Maverick Paintjob

Way too much Fallout 3 makes you want to paint things like they have been through a nuclear war. I had painted this Mav OD green months ago, keeping the slide and grip more or less normal, and making the cylinder completely black. The barrel was also painted black. The other night a friend was talking about playing a Zombies Vs. Humans game, with nerfs, so I went out to the garage and went to work. It's my first attempt at weathering, but it gets the job done. If you have ideas for how to do better, or what to name it, let me know in the comments.


Camo Tests - M81 Woodland, Truspec Tiger Stripe, Multicam

Today was a bit slow, so I decided to make a run to my local Army Surplus store. "Local" is a bit of a lie, I probably drove about 40 miles one way. I have had an itch for Tiger Stripe camo for a few months now, and decided to finally fulfill that desire. I was also in the market for Multicam, as well as ACU-authorized combat boots. I wanted everything cut like BDUs, rather than ACU style. I ended up driving back home with a lead on some boots (If anyone has suggestions, please leave them in the comments), a full set of Tru-Spec 100% Cotton Tiger Stripe BDUs, and a Tru-Spec Multicam shirt. When I got home, I went for a walk, bringing my BDUs, as well as a camera.
Left is a surplus Woodland BDU jacket, middle is the Tiger Stripe, and Multicam is on the left. I live in a pine forest, and these pictures were taken about an hour before sundown in mid spring. This is by no means a professional test, but for the casual airsofter it will serve just fine. At five feet, the Tiger Stripe is the least noticeable of the bunch.

 About five paces away, the Multicam appears too light, Woodland is holding it's own, and the tiger stripe is still in the lead.
A few more paces back, the same is true. The woodland pattern works very well in this area. The tan in it seems to be out of place during the spring, but as a more all-season pattern it works well. Looking at these pictures after the fact, it seems like I should use more than one test location for a more legitimate study. The tiger stripe has the same coloration as the woodland BDUs, however the tan is only used sparingly, to contrast the black stripes. This dark pattern fits wonderfully with the dark tree behind it. The multicam appears out of place. From the end of summer to the winter, it would blend nicely with the dead foliage. 
This last shot is from 80-100 feet away. The tiger stripe is invisible, the woodland is barely noticable, and the multicam remains too light. My next skirmish will definitely be in my new tiger stripe BDUs.


Shoot 'Em Up

A boring Sunday night, devoid of any homework or otherwise useful work led me to create another holster. This one is a bit of a test. I wanted to see how my rivets would work, and I wanted a simple "Wild West"-esque holster. "True Grit" can be blamed for this desire. Wonderful movie, I would recommend it. I discovered that you need to be sure that the back of the leather is completely level for it to wet-form well. If you look down the barrel, there are several slight inconsistencies caused by the rough backside not being completely level. Perhaps this could be fixed with a razor, or with sandpaper.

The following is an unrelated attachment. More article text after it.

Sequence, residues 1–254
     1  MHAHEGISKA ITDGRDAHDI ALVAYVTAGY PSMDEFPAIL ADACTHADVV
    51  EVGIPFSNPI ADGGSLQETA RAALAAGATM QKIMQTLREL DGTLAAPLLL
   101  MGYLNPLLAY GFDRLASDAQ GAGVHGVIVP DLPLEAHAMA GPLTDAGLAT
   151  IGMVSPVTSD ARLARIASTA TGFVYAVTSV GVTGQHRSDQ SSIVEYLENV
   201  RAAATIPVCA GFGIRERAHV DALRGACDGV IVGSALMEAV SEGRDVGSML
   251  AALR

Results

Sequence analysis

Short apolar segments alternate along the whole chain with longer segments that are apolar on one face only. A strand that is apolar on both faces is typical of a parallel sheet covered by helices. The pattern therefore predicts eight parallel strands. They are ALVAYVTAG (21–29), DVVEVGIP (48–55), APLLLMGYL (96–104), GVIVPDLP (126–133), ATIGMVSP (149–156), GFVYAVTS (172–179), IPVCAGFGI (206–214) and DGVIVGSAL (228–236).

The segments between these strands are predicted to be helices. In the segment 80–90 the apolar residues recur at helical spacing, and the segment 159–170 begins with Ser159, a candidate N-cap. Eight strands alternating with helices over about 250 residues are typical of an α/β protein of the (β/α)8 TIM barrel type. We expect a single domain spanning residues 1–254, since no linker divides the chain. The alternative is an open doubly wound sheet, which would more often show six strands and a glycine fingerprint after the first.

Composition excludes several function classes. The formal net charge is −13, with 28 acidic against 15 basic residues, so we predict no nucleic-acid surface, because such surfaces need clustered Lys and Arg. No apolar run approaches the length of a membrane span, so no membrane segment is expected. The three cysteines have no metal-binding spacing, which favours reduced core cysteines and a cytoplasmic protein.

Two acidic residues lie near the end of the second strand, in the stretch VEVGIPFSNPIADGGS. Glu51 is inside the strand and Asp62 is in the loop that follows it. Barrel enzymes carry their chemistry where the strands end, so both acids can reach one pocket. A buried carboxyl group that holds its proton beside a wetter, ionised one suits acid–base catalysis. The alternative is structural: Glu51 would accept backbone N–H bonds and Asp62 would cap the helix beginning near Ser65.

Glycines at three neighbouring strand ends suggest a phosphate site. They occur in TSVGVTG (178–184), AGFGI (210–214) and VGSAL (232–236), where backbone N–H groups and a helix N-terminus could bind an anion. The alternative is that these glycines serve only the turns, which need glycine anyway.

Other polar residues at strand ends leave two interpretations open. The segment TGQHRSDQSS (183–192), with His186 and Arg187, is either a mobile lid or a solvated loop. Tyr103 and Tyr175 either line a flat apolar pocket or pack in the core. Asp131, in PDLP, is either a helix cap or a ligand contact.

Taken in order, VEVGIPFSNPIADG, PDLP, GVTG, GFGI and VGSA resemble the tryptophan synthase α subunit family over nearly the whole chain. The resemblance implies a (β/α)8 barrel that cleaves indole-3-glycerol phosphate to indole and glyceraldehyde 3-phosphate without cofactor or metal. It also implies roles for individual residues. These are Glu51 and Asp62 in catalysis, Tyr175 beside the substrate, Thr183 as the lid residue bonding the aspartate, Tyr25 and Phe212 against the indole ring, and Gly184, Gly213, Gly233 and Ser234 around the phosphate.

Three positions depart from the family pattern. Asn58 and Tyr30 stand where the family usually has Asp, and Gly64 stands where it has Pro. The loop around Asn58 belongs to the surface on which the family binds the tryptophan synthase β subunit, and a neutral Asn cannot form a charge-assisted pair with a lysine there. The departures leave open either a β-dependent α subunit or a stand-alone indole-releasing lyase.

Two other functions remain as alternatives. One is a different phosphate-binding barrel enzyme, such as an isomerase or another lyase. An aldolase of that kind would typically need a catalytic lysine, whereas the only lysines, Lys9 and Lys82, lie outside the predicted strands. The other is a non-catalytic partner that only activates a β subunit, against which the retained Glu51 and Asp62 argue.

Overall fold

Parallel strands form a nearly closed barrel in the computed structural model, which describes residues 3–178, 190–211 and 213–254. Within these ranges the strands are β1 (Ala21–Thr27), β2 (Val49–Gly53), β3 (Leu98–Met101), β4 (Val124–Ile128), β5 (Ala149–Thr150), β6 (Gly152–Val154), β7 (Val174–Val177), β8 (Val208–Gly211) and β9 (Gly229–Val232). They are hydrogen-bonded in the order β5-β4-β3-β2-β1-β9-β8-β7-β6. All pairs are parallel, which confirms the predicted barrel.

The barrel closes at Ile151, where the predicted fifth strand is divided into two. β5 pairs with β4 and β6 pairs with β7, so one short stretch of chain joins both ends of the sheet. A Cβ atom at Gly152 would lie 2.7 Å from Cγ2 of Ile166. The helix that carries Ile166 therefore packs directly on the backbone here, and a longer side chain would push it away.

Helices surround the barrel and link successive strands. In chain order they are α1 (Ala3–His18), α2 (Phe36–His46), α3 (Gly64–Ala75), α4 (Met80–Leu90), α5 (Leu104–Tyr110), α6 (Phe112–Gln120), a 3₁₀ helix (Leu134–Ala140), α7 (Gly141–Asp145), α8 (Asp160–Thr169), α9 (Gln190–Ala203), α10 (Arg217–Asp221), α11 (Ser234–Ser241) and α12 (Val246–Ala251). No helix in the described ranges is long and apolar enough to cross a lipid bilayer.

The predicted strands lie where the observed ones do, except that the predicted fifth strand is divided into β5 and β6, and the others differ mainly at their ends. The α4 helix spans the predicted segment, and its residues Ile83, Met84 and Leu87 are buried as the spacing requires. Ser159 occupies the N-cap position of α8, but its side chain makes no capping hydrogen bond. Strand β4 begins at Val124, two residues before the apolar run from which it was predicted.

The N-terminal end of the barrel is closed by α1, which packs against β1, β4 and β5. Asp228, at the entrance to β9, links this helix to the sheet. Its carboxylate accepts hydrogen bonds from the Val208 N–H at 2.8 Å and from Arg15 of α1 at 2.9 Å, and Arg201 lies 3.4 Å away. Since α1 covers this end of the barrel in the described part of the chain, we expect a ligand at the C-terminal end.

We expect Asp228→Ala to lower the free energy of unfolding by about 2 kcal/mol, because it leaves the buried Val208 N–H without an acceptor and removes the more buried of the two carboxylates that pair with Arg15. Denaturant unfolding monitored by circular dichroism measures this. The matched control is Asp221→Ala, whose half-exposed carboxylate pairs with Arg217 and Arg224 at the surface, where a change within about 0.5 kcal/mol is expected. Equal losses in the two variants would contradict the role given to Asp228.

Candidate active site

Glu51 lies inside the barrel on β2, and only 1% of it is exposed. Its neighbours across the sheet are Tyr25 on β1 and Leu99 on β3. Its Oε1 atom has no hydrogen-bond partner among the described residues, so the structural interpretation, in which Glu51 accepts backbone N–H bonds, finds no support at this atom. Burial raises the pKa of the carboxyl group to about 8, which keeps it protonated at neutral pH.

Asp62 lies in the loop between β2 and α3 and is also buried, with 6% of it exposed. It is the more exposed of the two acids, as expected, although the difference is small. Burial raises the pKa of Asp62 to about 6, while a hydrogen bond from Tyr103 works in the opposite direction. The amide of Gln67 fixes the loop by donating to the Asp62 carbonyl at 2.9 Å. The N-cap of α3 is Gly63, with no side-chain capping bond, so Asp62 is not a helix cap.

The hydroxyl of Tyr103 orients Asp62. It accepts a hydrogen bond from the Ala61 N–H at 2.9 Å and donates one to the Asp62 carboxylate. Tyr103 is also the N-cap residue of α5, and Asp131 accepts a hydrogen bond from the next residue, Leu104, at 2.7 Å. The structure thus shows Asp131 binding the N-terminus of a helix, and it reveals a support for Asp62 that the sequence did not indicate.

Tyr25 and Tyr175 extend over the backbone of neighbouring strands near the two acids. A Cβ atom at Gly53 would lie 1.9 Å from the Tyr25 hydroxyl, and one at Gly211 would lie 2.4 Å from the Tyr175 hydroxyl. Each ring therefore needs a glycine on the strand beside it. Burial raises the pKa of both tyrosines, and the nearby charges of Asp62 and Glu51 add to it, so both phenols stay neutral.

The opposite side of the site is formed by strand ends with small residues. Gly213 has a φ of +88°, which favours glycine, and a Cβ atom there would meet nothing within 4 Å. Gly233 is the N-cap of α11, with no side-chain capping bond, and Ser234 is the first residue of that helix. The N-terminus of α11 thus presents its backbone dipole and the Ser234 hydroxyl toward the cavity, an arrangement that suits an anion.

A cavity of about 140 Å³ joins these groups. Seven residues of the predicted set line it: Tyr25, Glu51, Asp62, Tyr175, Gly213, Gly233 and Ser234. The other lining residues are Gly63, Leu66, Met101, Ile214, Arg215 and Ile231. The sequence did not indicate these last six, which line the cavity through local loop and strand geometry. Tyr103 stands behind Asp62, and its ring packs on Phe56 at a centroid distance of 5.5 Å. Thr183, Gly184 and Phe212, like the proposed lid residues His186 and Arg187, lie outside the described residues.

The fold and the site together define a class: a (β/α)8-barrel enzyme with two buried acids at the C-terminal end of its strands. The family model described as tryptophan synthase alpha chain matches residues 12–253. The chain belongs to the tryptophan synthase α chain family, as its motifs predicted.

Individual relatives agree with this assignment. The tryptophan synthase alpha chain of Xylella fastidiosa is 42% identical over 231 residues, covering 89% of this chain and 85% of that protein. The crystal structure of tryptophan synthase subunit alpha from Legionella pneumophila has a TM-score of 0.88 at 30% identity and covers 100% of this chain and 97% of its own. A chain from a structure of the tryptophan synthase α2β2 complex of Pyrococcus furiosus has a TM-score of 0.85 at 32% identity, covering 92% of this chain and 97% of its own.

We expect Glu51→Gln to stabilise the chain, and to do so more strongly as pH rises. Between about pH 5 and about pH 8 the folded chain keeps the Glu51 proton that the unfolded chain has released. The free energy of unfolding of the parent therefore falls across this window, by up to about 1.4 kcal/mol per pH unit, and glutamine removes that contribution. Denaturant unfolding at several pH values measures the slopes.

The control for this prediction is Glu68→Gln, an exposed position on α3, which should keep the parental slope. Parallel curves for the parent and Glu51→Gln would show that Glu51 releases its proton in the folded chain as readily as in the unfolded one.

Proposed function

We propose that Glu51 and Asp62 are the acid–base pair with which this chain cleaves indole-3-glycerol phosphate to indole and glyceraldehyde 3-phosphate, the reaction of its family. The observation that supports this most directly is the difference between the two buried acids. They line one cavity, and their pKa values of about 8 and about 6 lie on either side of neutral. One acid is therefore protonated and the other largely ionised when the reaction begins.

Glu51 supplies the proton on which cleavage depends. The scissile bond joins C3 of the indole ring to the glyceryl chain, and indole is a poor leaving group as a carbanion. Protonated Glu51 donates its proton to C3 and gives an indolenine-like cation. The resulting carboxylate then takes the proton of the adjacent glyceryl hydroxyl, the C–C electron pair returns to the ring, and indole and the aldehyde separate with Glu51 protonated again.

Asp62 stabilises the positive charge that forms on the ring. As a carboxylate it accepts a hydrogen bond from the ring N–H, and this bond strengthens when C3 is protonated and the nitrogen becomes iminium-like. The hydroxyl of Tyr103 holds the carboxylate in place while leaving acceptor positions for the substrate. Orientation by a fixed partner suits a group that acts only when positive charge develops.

In this holster, I have learned how to properly distribute dye. The way I accomplished this is by heavily diluting my leather dye in a small tub. Multiple layers of dye darken the finish, until what you see here, or darker. It is not a 100% perfectly even dye job, but much better than my previous attempt.
As you can probably tell by the orange tip, this is also an airsoft replica. This particular one is a TSD 6" Revolver. If I remember correctly, it is based loosely on the Colt Anaconda. The stitching was actually made possible with the diamond punch set on this holster, rather than drilling. Using the four prong punch I spaced out the holes, and drove the single prong punch all the way through. Allegedly this allows the leather to "close up around" the thread. I also did a better job of grooving the stitches below the level of the leather, to decrease wear and tear.
This last picture shows the major weakness of this holster - The right beltloop (Slot? Belt Slot?) is cut far too close to the edge of the leather. I had to cut down the holster so as to get a proper draw on the revolver, and dumbly forgot to check the spacing on the belt loop. I will be sure to watch out for this in future builds. The belt slots were cut in a different manner than my previous holster, as well. Rather than two drilled holes and box-cutters to cut it out, I used a homemade punch consisting of a wooden dowel and a single-edged razor blade. My first attempt to cut leather with this homemade punch snapped the razor in half. The blade is much sharper than I expected, and very little force is required for clean cuts. Unfortunately I failed to pre-drill the holes at the edges, which would have made it possible to have nearly perfect belt slots. Next holster, I will be sure to remedy this.